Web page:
Now, the Paradigm System is a system in which each member of your party assumes a certain role. These roles are Commando, or warrior; Ravager, or black mage; Healer, or White Mage; Saboteur, which performs magic attacks that weaken enemies; Synergist, which casts magical spells that strengthens allies; and Sentinel, a role which has increased defence and protective abilities. Only a mixture of three roles is available to everyone at the start, with them all becoming available after a certain point in the story line. To keep it far, you can create up to six different Paradigms, which is a mixture of the Roles described above. The different roles also effect how fast the Stagger Bar fills and depletes. Ravagers fill it quickly but it also depletes quicker. Commando's fill it slowly but makes it decrease slowly as well and Saboteur is a mix between the two. You have to find the right balance between all of the roles to get the best balance of offence and defence, while being able to keep your party alive long enough with the Medic class. It adds an element of strategy to the combat and before the combat as you work out the ideal Paradigms to use with your party and to get the most out of the party.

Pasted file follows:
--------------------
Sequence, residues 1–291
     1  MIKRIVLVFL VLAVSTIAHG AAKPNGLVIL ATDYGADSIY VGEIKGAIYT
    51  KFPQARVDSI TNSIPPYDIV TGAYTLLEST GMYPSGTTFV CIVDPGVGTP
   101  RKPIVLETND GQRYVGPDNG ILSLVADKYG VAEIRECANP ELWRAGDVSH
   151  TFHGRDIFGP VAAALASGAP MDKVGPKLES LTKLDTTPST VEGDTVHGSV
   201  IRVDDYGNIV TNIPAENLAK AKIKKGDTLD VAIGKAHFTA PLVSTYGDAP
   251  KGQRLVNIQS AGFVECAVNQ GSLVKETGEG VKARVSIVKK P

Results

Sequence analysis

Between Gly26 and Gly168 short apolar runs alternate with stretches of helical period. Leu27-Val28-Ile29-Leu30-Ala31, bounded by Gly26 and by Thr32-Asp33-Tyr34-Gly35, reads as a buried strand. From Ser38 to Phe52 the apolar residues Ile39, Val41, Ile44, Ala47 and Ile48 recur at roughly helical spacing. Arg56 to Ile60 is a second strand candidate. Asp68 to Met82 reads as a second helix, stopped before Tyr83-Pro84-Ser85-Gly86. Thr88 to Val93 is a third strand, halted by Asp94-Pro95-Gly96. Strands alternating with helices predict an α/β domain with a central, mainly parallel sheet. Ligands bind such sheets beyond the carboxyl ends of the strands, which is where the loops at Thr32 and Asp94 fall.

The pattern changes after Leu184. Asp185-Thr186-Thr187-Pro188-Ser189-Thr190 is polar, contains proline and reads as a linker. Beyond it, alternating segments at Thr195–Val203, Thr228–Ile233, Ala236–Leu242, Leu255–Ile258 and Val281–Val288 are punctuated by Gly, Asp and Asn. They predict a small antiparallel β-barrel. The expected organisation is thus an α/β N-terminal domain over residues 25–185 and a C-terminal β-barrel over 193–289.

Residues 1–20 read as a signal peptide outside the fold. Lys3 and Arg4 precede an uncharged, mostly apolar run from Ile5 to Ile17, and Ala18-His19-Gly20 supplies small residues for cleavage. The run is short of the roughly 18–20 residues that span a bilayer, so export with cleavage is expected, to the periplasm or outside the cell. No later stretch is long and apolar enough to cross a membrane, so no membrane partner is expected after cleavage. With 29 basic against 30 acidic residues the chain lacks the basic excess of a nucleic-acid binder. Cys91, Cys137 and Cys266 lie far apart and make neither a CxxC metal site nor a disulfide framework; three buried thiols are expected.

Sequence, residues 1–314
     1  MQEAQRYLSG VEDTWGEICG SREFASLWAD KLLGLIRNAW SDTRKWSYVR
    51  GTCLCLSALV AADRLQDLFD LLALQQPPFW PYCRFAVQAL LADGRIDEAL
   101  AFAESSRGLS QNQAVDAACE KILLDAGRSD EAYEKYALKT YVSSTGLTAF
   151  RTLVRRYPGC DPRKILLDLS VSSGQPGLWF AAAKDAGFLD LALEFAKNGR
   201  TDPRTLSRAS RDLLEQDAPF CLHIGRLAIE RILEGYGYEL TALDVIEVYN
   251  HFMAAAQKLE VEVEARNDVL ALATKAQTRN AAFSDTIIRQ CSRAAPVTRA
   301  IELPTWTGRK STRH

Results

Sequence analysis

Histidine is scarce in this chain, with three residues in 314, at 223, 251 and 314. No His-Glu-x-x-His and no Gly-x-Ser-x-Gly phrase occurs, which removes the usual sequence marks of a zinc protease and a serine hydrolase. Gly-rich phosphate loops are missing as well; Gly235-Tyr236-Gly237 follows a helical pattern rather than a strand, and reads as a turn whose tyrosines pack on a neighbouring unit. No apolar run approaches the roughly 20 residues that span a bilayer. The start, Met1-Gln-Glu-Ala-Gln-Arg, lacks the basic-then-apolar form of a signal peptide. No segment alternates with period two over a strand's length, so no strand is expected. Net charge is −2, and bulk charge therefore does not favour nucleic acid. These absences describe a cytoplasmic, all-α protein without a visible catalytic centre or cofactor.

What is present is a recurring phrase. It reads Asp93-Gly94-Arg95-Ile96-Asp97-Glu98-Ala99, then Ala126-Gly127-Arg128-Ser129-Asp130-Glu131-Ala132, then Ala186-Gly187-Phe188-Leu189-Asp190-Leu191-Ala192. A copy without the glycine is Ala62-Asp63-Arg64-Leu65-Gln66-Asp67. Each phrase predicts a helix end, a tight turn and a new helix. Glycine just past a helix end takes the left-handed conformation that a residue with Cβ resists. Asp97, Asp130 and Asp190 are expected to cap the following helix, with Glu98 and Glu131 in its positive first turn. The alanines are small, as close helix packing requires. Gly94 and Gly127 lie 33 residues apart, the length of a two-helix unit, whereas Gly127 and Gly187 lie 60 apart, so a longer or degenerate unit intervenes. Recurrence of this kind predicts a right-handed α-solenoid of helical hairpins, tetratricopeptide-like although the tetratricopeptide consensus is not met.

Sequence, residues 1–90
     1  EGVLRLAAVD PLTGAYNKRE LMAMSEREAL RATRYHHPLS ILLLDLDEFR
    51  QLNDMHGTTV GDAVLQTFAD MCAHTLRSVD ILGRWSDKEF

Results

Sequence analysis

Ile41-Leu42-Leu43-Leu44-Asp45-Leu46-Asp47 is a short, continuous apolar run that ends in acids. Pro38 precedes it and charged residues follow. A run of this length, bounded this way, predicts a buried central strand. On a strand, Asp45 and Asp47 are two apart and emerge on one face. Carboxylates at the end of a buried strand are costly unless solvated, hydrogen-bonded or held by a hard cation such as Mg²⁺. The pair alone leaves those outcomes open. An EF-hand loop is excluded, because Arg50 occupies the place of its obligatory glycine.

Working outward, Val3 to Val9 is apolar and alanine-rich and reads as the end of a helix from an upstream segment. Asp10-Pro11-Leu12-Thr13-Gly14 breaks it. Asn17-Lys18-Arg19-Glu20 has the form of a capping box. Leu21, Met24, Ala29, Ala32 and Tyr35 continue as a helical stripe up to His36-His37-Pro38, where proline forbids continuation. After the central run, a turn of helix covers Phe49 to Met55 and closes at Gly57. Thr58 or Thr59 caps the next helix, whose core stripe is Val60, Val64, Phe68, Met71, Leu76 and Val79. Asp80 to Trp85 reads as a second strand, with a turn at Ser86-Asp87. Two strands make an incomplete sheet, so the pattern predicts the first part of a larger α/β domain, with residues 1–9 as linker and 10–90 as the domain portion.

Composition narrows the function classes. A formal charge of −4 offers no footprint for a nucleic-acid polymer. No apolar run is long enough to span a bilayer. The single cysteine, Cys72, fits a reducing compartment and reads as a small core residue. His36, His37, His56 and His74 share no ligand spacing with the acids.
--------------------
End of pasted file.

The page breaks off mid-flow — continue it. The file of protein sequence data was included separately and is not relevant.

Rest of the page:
O, Mighty Chocobo, you are my God. May you be blessed with insane levels of sweetness.